Osteoarthritis: surgery

All arthroses do not end up in the operating room, thankfully! In fact, only 10% of knee osteoarthritis will require a prosthesis. This is more common for osteoarthritis of the hip. If there is no great revolution in prosthetic surgeries of osteoarthritis, on the other hand the operative techniques are now much more developed.

On the other hand, prostheses are very effective. The operating principle has not changed much in fifty years: we replace the damaged joint with a prosthesis. These are the operative techniques that have evolved. As well as the materials of the prostheses. As a result, these prostheses are better tolerated by the body. They flake much more rarely and are more and more solid. Today, a prosthesis can last 15 to 20 years.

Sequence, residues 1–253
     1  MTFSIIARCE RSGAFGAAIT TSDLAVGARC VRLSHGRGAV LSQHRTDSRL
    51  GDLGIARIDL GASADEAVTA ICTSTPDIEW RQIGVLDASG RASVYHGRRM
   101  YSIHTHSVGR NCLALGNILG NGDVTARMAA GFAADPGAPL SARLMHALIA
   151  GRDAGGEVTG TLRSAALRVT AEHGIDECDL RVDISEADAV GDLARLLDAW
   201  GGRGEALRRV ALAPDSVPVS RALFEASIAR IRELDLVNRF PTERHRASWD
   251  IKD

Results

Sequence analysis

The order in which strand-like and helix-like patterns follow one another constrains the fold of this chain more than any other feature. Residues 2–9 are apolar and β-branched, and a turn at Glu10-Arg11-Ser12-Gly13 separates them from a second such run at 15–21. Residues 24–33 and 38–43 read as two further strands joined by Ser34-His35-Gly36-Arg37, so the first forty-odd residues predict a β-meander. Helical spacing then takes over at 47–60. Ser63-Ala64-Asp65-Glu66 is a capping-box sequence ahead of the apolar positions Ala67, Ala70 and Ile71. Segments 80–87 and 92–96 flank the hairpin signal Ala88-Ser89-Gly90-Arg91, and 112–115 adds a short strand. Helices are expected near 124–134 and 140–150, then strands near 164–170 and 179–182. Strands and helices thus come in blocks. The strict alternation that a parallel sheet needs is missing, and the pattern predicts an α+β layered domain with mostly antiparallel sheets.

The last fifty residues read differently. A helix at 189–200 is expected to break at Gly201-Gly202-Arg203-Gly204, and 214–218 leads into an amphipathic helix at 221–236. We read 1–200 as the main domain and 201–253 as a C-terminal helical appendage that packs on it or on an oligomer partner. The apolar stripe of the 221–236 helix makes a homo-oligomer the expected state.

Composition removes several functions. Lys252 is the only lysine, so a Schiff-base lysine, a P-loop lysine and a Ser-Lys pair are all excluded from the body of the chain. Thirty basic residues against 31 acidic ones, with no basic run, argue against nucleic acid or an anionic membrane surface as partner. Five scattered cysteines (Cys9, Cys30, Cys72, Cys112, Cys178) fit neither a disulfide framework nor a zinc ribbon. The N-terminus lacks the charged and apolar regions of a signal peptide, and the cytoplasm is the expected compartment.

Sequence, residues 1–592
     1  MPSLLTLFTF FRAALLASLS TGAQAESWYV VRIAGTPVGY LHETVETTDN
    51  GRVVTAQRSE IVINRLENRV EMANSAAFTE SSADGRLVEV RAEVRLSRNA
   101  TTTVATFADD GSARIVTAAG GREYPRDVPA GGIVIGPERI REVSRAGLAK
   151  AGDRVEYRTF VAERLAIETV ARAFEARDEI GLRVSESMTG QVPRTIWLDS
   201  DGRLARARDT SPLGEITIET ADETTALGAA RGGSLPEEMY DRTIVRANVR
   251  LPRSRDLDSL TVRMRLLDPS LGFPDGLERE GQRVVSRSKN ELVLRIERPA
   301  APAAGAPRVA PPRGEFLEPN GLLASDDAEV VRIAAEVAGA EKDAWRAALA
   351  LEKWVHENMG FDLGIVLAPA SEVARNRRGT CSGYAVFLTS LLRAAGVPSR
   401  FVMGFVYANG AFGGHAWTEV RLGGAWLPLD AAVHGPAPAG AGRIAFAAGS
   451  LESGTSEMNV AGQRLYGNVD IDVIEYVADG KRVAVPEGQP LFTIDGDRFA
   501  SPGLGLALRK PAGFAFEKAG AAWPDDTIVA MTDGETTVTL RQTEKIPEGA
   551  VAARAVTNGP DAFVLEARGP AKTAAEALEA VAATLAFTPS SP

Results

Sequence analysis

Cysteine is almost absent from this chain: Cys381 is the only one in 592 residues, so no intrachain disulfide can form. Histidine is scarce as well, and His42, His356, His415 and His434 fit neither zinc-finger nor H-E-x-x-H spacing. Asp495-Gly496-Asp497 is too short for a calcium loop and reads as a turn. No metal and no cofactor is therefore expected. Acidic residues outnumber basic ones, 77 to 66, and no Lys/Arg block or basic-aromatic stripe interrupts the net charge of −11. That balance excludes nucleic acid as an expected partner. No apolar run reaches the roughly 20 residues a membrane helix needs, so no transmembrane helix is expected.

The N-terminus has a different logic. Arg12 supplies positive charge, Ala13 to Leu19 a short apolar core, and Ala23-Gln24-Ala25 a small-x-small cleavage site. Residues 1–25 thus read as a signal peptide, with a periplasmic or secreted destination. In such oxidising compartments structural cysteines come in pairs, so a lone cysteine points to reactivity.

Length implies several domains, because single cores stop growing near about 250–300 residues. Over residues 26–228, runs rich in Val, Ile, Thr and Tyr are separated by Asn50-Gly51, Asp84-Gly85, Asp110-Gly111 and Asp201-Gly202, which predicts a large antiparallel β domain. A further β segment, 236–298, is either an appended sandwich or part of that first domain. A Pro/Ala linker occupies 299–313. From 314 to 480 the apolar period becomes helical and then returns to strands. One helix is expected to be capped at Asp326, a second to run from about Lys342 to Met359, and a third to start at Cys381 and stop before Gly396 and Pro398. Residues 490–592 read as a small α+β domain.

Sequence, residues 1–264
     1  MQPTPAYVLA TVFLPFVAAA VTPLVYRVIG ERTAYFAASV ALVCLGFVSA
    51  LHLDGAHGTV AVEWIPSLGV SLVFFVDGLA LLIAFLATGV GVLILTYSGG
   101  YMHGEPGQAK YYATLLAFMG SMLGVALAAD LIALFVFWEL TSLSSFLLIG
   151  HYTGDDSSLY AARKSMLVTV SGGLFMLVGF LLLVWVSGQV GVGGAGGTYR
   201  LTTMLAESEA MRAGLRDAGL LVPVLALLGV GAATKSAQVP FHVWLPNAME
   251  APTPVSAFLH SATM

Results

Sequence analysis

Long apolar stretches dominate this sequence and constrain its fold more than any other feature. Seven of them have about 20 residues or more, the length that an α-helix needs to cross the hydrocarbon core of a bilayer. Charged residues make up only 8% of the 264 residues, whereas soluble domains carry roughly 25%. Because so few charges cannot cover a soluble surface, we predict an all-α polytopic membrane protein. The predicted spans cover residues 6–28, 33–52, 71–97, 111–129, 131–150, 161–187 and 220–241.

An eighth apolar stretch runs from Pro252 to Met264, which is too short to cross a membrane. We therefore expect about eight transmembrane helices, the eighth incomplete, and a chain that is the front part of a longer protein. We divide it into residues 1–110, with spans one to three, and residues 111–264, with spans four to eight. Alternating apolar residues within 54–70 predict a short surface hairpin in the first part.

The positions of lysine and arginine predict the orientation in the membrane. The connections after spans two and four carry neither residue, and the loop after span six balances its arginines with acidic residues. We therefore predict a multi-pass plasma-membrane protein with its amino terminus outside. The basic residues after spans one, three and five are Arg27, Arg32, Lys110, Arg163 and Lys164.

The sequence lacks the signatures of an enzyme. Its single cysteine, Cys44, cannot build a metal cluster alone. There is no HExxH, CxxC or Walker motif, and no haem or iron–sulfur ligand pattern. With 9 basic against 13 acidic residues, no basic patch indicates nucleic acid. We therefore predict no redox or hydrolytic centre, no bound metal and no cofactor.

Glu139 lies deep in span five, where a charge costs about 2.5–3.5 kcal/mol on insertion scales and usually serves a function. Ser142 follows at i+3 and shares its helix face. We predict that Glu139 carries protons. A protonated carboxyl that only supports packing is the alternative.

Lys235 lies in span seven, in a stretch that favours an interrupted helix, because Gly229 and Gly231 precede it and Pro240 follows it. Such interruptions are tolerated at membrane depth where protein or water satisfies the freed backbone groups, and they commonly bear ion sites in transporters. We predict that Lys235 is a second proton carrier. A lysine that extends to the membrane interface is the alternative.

Note that in surgery, cartilage grafts can also be performed. This can only be done for the moment on very limited surface lesions, usually secondary to trauma. In the future, another solution currently in research is the use of stem cells.

> A hip prosthesis is proposed if it is destroyed by osteoarthritis: the joint (femoral head and acetabulum of the pelvic bone) is replaced by a molded metal device. The prosthesis is rarely offered before 60 years. This is a fairly common intervention, with generally few complications.

> In case of severe or aggravating genu varum or genu valgum, the surgeon makes an osteotomy of the tibia, that is to say that he cuts a piece of bone (an angle) to put back the shin in a correct alignment. He will put plates to allow consolidation of the bone. The plates will be removed a few months later.

> The arthrosis of the fingers can also be operated. The rhizarthrosis of the thumb can be very disabling for daily actions, and can be cured by surgery.

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